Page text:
Prior to attending the meeting last night, there were two meetings with fellow student leaders– interest was ignited once an email was sent to the student body identifying a new date for a modified re-registration process and subsequent confusion.
During the meeting, student leaders candidly addressed their concerns to senators regarding recent developments of sports clubs being moved under SLI, policies that have exacerbated the red tape student organizations have to face, as well as lack of transparency on the side of SGA.
Sam Chun, deputy president of the Hopkins Sport Taekwondo Club shared her experience as a student leader within a sports club as well as non-sports club under SLI.
“As someone who is a student leader in athletic club and non-athletic club, I’ve had experiences with SLI. The red tape we have to go around is ridiculous. There is a very poor job of communication,” she said.
She elaborated further on her hesitance with the attempt to umbrella all organizations under SLI.
“I don’t know if they can really extend their capacities when they can’t properly do things in the first place.”
Alice Yang, treasurer of Lan Yun Blue Orchids dance team, was frustrated over difficulty contacting SLI and not receiving help with debt solvency.
“My problem is that SLI already put us into debt and they gave us virtually no assistance in climbing out. We had to do multiple fundraisers to climb ourselves out of debt,” she said. “There are various other groups who can vouch for how their current organizations were put into debt without the fault of the current board. Yet they’re the ones that have to shoulder the burden of the debt.”
Treasurer of the Hopkins Sport Taekwondo Club Michelle Lan accused SGA of being unwilling to initiate definitive solutions, though she appreciated that SGA wanted to allocate funds efficiently and effectively.
“I see people eye-rolling. I see scowling, mocking faces and I hear condescending terms,” she said. “We need communication, and we want you to actually care about what happens to the student body.”
Chun emphasized the issue of transparency and correspondence between SGA and student organizations.
“I don’t think issues like that should be an issue. How can a student government organization be this bad? We are emailing an email that you guys don’t even use. It is not our responsibility to search for the spare email.”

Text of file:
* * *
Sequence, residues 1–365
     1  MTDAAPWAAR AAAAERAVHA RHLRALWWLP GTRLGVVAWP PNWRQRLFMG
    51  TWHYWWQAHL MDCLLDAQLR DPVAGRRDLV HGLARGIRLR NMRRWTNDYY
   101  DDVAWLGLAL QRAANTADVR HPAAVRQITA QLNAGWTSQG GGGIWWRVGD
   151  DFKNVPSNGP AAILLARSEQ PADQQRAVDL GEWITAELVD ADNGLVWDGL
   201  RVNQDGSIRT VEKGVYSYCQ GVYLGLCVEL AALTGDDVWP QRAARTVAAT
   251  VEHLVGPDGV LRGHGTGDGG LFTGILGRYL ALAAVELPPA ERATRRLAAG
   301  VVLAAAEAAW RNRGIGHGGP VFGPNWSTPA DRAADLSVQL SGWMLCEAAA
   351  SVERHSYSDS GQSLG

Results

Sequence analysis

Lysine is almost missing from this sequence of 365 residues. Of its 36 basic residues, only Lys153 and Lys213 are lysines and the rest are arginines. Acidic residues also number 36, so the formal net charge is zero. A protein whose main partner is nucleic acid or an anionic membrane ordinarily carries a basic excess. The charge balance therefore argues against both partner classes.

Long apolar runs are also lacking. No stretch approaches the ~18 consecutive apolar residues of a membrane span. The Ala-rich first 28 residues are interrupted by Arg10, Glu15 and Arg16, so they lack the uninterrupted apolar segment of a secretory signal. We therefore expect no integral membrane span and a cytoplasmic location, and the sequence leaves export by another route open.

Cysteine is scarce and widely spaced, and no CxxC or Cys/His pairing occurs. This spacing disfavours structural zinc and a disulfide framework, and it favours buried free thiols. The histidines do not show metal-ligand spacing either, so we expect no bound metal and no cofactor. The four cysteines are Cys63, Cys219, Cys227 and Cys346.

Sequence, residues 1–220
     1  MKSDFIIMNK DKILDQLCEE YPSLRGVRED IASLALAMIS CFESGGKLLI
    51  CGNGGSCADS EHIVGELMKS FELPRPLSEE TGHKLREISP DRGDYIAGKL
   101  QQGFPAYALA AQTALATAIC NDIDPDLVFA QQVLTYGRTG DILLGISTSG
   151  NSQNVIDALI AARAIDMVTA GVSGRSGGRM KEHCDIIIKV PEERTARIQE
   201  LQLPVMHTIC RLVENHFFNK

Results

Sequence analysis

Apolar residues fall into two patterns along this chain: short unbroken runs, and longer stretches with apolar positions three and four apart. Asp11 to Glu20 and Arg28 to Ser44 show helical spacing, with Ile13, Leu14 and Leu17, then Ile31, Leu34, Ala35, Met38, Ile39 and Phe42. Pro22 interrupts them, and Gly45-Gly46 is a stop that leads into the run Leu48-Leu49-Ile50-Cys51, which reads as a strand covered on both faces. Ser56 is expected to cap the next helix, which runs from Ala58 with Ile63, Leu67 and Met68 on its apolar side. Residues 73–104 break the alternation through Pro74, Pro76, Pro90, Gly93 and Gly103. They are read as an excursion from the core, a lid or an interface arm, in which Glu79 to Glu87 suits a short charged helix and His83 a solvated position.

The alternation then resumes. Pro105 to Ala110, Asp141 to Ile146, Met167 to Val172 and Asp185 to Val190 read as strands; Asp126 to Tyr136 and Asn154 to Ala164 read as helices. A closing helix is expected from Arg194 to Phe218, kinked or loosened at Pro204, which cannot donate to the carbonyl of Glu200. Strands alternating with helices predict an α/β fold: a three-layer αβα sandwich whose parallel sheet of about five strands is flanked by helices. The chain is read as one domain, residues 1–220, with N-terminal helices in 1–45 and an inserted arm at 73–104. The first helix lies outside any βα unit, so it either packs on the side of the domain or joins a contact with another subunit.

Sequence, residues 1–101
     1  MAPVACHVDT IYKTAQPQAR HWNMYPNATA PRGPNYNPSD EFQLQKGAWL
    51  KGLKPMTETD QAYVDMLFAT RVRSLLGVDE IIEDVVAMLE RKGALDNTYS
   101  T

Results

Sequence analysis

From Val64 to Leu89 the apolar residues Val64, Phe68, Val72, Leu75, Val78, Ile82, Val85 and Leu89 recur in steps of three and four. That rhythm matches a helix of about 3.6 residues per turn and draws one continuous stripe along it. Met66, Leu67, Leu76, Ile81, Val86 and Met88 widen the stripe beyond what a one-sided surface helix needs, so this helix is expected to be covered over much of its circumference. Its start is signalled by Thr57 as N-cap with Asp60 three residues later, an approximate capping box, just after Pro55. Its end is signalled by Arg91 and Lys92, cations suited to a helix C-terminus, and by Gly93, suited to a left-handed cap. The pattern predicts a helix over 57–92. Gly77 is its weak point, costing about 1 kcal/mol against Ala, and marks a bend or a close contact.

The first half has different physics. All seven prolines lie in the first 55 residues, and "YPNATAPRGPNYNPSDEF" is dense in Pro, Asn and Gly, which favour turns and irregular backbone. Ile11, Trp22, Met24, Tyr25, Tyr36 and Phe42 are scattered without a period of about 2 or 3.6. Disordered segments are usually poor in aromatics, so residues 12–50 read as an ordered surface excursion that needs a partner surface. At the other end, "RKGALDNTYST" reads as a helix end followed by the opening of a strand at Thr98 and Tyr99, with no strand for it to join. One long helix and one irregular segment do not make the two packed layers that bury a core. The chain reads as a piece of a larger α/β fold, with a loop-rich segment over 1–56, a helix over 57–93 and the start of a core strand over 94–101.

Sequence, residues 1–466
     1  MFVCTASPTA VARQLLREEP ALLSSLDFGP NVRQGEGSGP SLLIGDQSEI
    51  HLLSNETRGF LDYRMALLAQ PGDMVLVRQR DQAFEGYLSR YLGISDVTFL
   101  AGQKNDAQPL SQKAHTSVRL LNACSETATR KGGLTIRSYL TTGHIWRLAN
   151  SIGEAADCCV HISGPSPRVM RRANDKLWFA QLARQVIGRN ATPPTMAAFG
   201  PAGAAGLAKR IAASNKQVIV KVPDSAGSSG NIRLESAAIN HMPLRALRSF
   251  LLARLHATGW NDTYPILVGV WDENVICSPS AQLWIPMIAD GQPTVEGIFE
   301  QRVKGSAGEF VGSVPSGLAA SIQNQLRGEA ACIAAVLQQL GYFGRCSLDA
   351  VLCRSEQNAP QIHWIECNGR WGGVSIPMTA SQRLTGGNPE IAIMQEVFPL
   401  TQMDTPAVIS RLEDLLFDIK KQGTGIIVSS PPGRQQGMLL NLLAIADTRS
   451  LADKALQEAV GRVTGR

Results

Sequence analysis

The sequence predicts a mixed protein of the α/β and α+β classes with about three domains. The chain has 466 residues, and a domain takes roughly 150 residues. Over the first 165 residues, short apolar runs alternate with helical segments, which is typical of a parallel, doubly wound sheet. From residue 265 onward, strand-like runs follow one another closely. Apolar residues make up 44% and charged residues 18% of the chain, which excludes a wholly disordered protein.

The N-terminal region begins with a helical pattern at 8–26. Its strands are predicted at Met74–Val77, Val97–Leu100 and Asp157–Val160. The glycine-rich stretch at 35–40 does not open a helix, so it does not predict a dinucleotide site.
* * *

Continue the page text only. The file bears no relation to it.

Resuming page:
The senators responded and tried to answer each of the queries from student leaders, encouraging the consolidation of policy and procedure under SLI.
McAdams identified issues with the discrepancies between how sports club purchase requests and SLI requests were handled.
“SLI is trying to streamline the procedure, and it’s better if it is all under one management. The fact there is no clear procedure in place for sports is not exactly fair as the groups managed under SLI need 14 business days in advance. I think your concerns are valid, but SLI is trying to combat it.”
Senior Class Senator Kahmil Shajihan emphasized that the new changes made to budget allocation will have long-reaching positive effects on purchase requests in the future.
“What we are hoping from this system is that there will be accountability. We can only trust the process. This is something that increases accountability, increases transparency, and increases trust with the system,” he said.
During the meeting, the new Associate Director of SLI Carolyn Harris, who was previously the faculty advisor of SGA, offered the possibility of an open channel of dialogue for the student leaders.
“As an associate director, I want to address these issues. We have been talking in a circle, and I want to start off solving questions,” she said.
Ali also broached upon another step in continuing the dialogue.
“Having a summit between SGA, SLI and the student leaders can bring more productive discussion, and more people with an impact of what can happen will be there,” she said.
In an interview with The News-Letter, Chang noted that he was not satisfied by the meeting, but was optimistic about ending the semester with actual changes. He noted the strength and bravery of the student leaders who joined him in attending the meeting.
“I was extremely humbled and amazed by the student leaders who, when originally they wanted to be as anonymous as possible, stood up, proudly announced their club affiliations and were able to speak to a room of 20-plus people about their concerns candidly and openly,” Chang said.